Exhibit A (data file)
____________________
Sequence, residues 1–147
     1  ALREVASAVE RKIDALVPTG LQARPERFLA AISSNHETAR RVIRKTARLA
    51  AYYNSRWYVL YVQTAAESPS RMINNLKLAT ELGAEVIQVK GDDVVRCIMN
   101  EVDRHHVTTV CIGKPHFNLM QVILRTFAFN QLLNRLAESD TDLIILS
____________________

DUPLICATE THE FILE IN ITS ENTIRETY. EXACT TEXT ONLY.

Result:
Sequence, residues 1–147
     1  ALREVASAVE RKIDALVPTG LQARPERFLA AISSNHETAR RVIRKTARLA
    51  AYYNSRWYVL YVQTAAESPS RMINNLKLAT ELGAEVIQVK GDDVVRCIMN
   101  EVDRHHVTTV CIGKPHFNLM QVILRTFAFN QLLNRLAESD TDLIILS